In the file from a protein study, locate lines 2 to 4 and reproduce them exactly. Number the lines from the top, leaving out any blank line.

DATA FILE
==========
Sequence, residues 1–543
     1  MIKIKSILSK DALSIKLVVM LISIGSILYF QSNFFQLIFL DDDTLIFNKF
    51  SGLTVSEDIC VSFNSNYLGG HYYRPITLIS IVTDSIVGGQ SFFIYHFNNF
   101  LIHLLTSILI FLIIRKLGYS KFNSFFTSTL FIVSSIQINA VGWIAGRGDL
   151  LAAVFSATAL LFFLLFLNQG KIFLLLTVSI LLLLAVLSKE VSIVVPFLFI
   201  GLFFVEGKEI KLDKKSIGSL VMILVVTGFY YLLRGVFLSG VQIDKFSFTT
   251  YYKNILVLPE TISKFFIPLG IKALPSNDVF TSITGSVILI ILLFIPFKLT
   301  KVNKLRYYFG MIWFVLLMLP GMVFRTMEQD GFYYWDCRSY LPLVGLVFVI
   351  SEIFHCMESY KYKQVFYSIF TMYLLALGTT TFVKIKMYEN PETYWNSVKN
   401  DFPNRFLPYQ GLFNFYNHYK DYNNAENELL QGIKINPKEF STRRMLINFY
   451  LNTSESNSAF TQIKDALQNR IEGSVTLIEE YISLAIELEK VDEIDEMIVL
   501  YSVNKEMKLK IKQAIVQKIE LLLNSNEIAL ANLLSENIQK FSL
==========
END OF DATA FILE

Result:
     1  MIKIKSILSK DALSIKLVVM LISIGSILYF QSNFFQLIFL DDDTLIFNKF
    51  SGLTVSEDIC VSFNSNYLGG HYYRPITLIS IVTDSIVGGQ SFFIYHFNNF
   101  LIHLLTSILI FLIIRKLGYS KFNSFFTSTL FIVSSIQINA VGWIAGRGDL